VT wrapup: Alabama’s opener surprisingly good
By Jess Nicholas
Sept. 6, 2009
That Alabama beat Virginia Tech in its opening game wasn’t a surprise –- at worst, Alabama was expected to match up equally with the Hokies. But the way in which Alabama beat Virginia Tech?
Let’s just say if Alabama coaches wanted to temper fan enthusiasm, this wasn’t the way to do it.
The scoreboard was the only place Alabama didn’t completely dominate Virginia Tech. Even there, Alabama amassed what could be described as a comfortable cushion. The stat page, by comparison, looked like the Hessian Army tried to tangle with the 101st Airborne.
Alabama’s defense was very good in 2008, great by many measures. In the 2009 opener, the defense was great and also great big. Alabama has more defensive linemen than it can even rotate through in a single game. Instead of a depth chart, Alabama has a “Now Serving” box installed on the sideline where random players can draw lots to exchange for snaps.
There’s not much of a point in breaking down this game, because if Alabama’s special teams coverage units –- which have struggled ever since Ron Middleton left the staff after 2007 –- do their jobs, Alabama might have beaten Virginia Tech by the score of a whole lot to not very much. Part of it is Virginia Tech’s fault -– if ever a team needed to run the spread-option with the offensive talent it has, Tech is it -– but mostly it was the fault of Virginia Tech’s linemen not being able to handle a bunch of guys a lot bigger and more talented. And in football, that tends to translate into losses more often than not.
Greg McElroy had about as good a debut under center as possible. He never looked overwhelmed, he checked down to secondary receivers more times in one game than John Parker Wilson used to do in a month, and he provided evidence that perhaps Alabama’s deep-ball game won’t be marked by consistent overthrows. The offensive line held its own against, at worst, the second-best defensive line it will see all year long (only Florida in the SEC Championship Game and maybe South Carolina are in Virginia Tech’s league), the running backs looked as if they’d been moved to the Super-Size menu and finally, receivers not named Julio Jones made plays.
But the real cause for celebration was to be had after the analysis of the defensive line and linebacker corps. Alabama has probably 20-25 guys in those seven positions alone that are interchangeable. Lorenzo Washington played a superb game at the tackle/end slot, and when he got tired, Alabama simply shipped in another 6’5”, 280-pounder (Marcell Dareus or Luther Davis, depending on the play) and caused more trouble. The list of teams in the country that can do this number fewer than 10.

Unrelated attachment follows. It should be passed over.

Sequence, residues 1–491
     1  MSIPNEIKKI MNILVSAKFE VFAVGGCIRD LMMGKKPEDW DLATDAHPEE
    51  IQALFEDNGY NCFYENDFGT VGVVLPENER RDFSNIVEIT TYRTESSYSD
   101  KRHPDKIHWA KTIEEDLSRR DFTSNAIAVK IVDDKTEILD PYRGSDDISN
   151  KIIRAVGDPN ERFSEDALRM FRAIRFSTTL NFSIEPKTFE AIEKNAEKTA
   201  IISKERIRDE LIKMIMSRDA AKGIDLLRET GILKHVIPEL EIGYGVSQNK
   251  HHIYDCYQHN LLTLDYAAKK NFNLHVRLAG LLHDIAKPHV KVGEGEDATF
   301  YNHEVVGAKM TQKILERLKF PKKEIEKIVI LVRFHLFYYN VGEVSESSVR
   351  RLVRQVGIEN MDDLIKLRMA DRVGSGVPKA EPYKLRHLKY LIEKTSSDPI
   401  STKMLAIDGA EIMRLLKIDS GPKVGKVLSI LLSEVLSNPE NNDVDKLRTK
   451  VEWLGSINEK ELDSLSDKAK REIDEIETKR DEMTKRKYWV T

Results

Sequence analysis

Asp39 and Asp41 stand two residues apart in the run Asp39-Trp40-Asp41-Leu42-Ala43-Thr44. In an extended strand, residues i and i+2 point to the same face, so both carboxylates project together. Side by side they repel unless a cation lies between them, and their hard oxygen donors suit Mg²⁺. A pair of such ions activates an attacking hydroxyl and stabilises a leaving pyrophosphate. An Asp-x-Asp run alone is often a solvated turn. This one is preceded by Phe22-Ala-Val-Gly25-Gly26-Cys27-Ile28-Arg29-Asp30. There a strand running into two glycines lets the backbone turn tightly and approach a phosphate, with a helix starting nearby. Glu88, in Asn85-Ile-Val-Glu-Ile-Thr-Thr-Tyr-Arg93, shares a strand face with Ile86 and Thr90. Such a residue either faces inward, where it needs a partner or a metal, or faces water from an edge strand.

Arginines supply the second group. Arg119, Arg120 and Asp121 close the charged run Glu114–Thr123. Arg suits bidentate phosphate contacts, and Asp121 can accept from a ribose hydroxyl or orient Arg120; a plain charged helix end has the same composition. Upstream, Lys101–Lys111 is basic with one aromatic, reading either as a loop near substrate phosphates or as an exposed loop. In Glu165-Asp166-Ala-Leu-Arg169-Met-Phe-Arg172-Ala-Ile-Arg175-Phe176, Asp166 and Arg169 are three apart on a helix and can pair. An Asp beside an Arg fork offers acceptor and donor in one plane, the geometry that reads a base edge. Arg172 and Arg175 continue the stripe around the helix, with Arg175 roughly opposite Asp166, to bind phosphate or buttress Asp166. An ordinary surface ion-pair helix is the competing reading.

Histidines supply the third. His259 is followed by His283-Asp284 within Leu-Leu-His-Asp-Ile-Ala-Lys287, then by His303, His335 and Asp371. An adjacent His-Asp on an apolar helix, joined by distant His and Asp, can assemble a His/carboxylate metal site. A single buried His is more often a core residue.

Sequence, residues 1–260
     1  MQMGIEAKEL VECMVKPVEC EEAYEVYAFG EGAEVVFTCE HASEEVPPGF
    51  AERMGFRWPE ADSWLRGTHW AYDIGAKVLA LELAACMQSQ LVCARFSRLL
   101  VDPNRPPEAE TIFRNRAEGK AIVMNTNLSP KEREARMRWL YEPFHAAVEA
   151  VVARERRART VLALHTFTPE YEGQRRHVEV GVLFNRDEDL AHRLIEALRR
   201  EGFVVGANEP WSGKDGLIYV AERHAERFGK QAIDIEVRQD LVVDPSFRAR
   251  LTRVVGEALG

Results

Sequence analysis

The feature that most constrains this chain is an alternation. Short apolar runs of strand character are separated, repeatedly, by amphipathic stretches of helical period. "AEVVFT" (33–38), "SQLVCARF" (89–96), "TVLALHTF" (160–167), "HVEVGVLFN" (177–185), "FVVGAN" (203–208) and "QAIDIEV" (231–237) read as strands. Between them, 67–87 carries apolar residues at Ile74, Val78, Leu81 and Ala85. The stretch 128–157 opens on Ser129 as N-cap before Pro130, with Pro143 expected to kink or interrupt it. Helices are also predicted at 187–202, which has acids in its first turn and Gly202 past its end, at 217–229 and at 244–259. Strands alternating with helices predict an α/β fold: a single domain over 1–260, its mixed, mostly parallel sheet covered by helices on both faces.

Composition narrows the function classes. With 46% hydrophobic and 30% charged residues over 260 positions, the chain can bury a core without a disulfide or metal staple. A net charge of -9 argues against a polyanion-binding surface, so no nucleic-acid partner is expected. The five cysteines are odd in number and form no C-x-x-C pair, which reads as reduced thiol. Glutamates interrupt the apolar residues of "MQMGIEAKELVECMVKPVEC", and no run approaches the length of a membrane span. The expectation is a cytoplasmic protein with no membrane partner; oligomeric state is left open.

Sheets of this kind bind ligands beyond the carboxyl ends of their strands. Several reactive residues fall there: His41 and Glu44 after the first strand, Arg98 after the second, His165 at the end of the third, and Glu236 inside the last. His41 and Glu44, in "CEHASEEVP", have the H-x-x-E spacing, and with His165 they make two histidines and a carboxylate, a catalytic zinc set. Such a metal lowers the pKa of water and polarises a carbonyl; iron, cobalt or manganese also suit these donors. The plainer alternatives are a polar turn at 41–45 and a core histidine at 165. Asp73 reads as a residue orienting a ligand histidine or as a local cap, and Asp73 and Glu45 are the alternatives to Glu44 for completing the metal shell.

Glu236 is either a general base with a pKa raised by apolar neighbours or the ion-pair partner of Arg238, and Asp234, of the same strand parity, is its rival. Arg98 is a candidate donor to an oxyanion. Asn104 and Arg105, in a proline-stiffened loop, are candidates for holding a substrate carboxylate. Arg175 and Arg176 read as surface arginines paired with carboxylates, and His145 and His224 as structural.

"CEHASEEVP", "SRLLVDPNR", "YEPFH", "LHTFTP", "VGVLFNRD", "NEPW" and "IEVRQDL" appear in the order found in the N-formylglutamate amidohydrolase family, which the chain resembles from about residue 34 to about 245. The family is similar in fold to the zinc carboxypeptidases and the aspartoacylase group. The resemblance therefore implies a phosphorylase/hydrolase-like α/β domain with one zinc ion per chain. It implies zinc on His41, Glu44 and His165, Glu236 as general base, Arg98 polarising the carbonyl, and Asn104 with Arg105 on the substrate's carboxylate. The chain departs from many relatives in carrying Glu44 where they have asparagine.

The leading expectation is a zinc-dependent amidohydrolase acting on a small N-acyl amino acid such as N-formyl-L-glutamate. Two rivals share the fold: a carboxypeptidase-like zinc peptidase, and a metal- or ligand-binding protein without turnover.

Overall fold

All was not good. Safety Mark Barron was indirectly responsible for two touchdowns as a result of taking bad angles on a kickoff return and on a Virginia Tech run down the sideline. Barron is a big hitter, but he isn’t Rashad Johnson just yet and if Robby Green ends up playing more in the coming weeks, it will surprise no one.
Perhaps the most overlooked weakness, though, was in the blocking performance of the H-back position. Prior to the season, we identified three players Alabama would miss the most. Rashad Johnson was one, to no one’s surprise. Marlon Davis was the second; if not for Barrett Jones being moved to right guard late in camp and the light coming on, this might still be an issue, as Alabama had tried several players at the slot to no success.
The third key loss was Travis McCall. Neither Preston Dial nor Brad Smelley were anywhere close to McCall’s blocking prowess. Dial missed a couple of key blocks on short-yardage situations that directly cost Alabama first downs. Alabama might be forced back into the I-formation with Baron Huber, or perhaps audition Undra Billingsley at the position in the coming weeks if things don't improve. Time will tell.
Still, these are peanuts of complaints in a world full of coconuts. Alabama woke up at halftime and once that happened, Virginia Tech had no chance. And remember that Virginia Tech was the No. 7 team in the nation, not East West State.
All hail Chris Ault
On a somewhat personal note, I would be remiss if I didn’t mention an offensive wrinkle from the game Saturday and couple it with a standing ovation for Nick Saban and Jim McElwain.
Regular readers of this column will remember my long-held fondness for Nevada head coach Chris Ault. Over a multi-decade career in almost complete obscurity, Ault has won 198 career games, beaten a lot of teams he shouldn’t have and has probably eschewed chances to move up in the coaching world in favor of staying at a school in an area of the country he loves. Good for him.
He also is considered the father of the “Pistol” offense, a hybrid of the shotgun, spread-option and standard play-action offense. By placing the quarterback halfway between the center and the traditional shotgun depth, defenses are forced to respect the play-action while the quarterback basically gets a free look at the defense from a standing position, while at the same time having an option play at his ready disposal.
Much has been made of Alabama’s Wildcat (or “Wild Elephant”) formation that debuted against Virginia Tech, but the Pistol plays – particularly those in the second half – were the ones that went almost undefended.
I gave up hope that Chris Ault would move to a higher-profile school in recent years and was saddened that his innovative Pistol might die a death of obscurity. But like any good idea in football, the copycats have come running, and apparently Saban and McElwain are at the head of the pack. Watching Alabama execute the Pistol to near-perfection against Virginia Tech was a beautiful thing to see. Chris Ault, the Bama Nation owes you a drink.